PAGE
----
THE MAHAR TEMPLE
The aborigine, apparently uninjured, climbed quickly into the skiff, and seizing the spear with me helped to hold off the infuriated creature. Blood from the wounded reptile was now crimsoning the waters about us and soon from the weakening struggles it became evident that I had inflicted a death wound upon it. Presently its efforts to reach us ceased entirely, and with a few convulsive movements it turned upon its back quite dead.
And then there came to me a sudden realization of the predicament in which I had placed myself. I was entirely within the power of the savage man whose skiff I had stolen. Still clinging to the spear I looked into his face to find him scrutinizing me intently, and there we stood for some several minutes, each clinging tenaciously to the weapon the while we gazed in stupid wonderment at each other.
What was in his mind I do not know, but in my own was merely the question as to how soon the fellow would recommence hostilities.
Presently he spoke to me, but in a tongue which I was unable to translate. I shook my head in an effort to indicate my ignorance of his language, at the same time addressing him in the bastard tongue that the Sagoths use to converse with the human slaves of the Mahars.
To my delight he understood and answered me in the same jargon.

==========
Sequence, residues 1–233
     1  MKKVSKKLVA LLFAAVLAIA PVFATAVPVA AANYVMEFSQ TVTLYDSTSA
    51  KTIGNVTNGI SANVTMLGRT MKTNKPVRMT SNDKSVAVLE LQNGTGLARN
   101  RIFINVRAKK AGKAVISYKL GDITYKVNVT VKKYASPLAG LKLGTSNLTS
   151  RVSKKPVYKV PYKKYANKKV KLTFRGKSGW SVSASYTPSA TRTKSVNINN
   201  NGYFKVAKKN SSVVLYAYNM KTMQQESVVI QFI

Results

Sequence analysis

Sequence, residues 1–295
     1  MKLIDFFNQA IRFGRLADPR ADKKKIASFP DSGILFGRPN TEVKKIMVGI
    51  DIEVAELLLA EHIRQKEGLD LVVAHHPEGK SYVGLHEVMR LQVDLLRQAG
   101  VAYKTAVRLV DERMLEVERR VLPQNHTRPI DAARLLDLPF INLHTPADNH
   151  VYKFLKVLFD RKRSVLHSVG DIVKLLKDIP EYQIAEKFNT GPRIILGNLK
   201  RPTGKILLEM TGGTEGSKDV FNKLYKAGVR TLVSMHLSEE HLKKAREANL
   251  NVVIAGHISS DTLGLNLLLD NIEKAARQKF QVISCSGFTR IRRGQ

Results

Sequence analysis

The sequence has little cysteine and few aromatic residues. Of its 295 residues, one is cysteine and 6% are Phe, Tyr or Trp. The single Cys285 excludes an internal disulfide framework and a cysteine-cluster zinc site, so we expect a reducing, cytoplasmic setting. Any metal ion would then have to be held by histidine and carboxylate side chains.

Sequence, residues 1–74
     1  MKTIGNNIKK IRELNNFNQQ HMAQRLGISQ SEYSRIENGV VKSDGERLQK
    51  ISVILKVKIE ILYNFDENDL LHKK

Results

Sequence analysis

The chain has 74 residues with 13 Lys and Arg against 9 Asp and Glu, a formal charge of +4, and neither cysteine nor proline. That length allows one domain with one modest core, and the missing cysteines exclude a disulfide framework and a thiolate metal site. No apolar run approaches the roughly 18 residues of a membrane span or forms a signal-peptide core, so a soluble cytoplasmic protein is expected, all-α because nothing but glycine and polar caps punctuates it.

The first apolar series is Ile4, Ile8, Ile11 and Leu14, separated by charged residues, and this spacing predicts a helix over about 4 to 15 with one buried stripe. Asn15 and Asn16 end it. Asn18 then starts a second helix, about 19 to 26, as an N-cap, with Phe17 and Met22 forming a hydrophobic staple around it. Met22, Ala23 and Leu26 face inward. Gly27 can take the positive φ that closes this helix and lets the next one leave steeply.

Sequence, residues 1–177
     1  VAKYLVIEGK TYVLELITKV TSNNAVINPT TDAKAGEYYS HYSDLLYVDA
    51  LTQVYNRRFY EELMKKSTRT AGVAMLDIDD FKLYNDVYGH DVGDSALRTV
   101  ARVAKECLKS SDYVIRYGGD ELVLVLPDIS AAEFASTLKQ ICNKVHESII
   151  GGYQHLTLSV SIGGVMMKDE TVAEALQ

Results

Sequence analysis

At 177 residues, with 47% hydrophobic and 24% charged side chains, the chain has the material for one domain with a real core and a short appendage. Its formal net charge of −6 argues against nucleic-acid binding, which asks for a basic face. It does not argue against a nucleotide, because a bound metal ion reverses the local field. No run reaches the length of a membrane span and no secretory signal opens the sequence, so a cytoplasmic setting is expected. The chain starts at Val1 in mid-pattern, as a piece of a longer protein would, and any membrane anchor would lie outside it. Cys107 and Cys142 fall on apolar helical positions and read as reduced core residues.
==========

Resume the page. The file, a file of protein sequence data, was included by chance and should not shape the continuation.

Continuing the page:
“What do you want of my spear?” he asked.
“Only to keep you from running it through me,” I replied.
“I would not do that,” he said, “for you have just saved my life,” and with that he released his hold upon it and squatted down in the bottom of the skiff.
“Who are you,” he continued, “and from what country do you come?”
I too sat down, laying the spear between us, and tried to explain how I came to Pellucidar, and wherefrom, but it was as impossible for him to grasp or believe the strange tale I told him as I fear it is for you upon the outer crust to believe in the existence of the inner world. To him it seemed quite ridiculous to imagine that there was another world far beneath his feet peopled by beings similar to himself, and he laughed uproariously the more he thought upon it. But it was ever thus. That which has never come within the scope of our really pitifully meager world-experience cannot be—our finite minds cannot grasp that which may not exist in accordance with the conditions which obtain about us upon the outside of the insignificant grain of dust which wends its tiny way among the bowlders of the universe—the speck of moist dirt we so proudly call the World.
So I gave it up and asked him about himself. He said he was a Mezop, and that his name was Ja.
“Who are the Mezops?” I asked. “Where do they live?”
He looked at me in surprise.